Lactoferrin enhances Ag-specific immune response
The capacity of TLF to activate APCs including monocytes and DCs suggested that it might act as an adjuvant to promote Ag-specific immune response. To validate this possibility, C57BL/6 mice were immunized with OVA in the absence or presence of TLF or alum (as a positive control) on day 0, boosted with OVA alone on day 14, and their spleens were removed on day 21 for the determination of OVA-specific proliferation and cytokine production. As expected, splenocytes from mice immunized with OVA in the presence of alum incorporated significantly more [3H]TdR than cells of mice immunized with OVA alone, particularly when the concentration of OVA used for in vitro stimulation reached 50 μg/ml (Fig. 7,A). Importantly, splenocytes of mice immunized with OVA in the presence of TLF also showed enhanced proliferation upon in vitro stimulation with OVA (Fig. 7,A), suggesting that TLF enhanced mouse anti-OVA immune response. Compared with splenocytes of negative control mice, splenocytes of mice immunized with Ag plus TLF, upon in vitro OVA stimulation, produced predominantly IFN-γ with a simultaneous reduction in IL-4, IL-5, IL-10, and IL-1β, demonstrating the capacity of TLF to promote a Th1-type T cell response (Fig. 7,B). Alum, as expected, enhanced predominantly Th2 responses as evidenced by up-regulation of IL-4, rather than IFN-γ (Fig. 7 B).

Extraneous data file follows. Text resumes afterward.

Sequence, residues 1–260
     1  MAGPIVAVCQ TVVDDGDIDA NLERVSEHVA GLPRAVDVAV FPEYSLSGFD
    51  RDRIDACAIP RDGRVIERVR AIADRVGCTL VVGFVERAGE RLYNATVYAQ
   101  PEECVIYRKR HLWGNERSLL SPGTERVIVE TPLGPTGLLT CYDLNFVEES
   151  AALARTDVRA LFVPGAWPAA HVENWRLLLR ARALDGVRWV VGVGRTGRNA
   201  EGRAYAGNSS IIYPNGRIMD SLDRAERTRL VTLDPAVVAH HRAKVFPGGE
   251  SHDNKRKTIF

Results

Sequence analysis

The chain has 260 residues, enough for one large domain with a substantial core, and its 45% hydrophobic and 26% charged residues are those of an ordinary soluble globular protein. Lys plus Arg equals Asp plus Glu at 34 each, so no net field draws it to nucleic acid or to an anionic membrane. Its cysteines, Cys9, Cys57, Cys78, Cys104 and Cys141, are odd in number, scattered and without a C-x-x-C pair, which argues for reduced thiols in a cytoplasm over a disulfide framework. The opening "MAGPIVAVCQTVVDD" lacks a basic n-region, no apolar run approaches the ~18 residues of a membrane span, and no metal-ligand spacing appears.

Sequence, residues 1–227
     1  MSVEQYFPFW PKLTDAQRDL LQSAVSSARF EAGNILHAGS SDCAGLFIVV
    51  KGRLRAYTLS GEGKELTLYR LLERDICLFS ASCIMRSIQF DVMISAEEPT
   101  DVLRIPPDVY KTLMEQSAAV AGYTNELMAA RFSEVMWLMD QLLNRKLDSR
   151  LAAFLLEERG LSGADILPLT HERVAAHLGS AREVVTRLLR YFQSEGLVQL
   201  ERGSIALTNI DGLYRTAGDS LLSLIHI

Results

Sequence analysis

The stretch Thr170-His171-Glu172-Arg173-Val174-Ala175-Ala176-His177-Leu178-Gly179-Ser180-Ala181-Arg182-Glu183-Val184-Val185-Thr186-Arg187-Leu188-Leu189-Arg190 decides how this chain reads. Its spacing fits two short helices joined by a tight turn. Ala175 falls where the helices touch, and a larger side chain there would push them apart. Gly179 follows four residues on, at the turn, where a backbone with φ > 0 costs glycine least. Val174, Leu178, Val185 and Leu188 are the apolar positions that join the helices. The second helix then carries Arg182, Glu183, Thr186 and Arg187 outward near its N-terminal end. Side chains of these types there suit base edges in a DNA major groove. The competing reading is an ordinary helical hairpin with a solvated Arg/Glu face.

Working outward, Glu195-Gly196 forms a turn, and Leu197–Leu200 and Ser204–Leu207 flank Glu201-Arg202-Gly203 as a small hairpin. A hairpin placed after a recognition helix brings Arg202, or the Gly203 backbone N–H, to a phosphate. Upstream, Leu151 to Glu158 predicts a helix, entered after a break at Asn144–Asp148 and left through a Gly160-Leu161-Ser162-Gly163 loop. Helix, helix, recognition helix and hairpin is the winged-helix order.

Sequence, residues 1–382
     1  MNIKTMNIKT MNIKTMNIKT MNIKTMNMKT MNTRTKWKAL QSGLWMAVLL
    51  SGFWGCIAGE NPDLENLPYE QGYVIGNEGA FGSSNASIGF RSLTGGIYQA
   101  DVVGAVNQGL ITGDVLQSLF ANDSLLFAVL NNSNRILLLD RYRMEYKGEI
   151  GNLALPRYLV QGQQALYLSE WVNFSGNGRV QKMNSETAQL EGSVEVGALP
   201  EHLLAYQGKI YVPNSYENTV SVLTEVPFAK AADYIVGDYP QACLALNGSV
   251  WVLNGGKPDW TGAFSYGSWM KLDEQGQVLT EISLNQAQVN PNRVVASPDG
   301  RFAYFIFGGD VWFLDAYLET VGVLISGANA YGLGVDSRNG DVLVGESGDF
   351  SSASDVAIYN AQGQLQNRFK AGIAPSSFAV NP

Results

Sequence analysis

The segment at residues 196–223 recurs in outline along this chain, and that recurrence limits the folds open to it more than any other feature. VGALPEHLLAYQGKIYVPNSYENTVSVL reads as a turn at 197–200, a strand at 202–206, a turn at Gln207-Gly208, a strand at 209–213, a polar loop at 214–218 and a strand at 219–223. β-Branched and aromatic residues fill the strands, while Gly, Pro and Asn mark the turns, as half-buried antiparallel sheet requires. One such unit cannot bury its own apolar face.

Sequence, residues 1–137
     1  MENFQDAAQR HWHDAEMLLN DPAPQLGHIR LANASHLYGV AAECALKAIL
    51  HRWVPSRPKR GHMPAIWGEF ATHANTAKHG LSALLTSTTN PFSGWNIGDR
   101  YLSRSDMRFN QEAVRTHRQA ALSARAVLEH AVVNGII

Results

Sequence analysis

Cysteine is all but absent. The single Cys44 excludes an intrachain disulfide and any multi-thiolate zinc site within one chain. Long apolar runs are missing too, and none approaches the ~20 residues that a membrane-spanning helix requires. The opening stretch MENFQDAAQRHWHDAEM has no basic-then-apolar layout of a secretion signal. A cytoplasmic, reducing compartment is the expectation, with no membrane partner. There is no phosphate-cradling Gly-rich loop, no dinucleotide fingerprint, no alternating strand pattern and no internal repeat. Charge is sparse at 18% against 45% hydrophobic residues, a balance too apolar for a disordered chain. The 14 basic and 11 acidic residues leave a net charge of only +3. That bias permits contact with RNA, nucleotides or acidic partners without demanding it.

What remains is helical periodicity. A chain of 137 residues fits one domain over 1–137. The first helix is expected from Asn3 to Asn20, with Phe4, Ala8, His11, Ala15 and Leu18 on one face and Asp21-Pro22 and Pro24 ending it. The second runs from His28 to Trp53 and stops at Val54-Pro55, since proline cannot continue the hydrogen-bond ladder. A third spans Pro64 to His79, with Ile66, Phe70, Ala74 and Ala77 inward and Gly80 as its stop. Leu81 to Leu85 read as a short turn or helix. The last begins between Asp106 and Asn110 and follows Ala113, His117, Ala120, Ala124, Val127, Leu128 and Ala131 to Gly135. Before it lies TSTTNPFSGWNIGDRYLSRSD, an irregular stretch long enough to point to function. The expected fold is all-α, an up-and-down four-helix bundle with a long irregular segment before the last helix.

Ever since its discovery almost 50 years ago, lactoferrin has been widely studied as an antimicrobial as well as a modulator of inflammation and immune defense (2, 10, 11, 15). More recently, TLF, a recombinant hLF has been shown to suppress the growth of implanted tumors in mouse models (16, 33) and to exhibit antitumor activity in phase I clinical trials (18). In this study, we have shown that TLF is able to: 1) chemoattract human monocytes in vitro and induce the recruitment of mouse phagocytes including neutrophils and monocytes/macrophages in vivo, 2) activate human APCs including monocytes/macrophages and DCs, 3) reduce human Treg content in cultured PBMCs, and 4) enhance Ag-specific mouse Th1 immune responses upon coadministration with the Ag. By using a Food and Drug Administration-approved, GMP level recombinant hLF generated in eukaryotic cells, this study avoids the potential endotoxin contamination problem associated with the use of lactoferrins purified from bovine milk or generated in Escherichia coli. Furthermore, hLF shares only 68% sequence with its bovine counterpart (21, 34, 35, 36). Therefore, our results may have more relevance for understanding the effect(s) of lactoferrin on human immune cells and immunity than those studies in which the bovine lactoferrin was used (37, 38, 39, 40).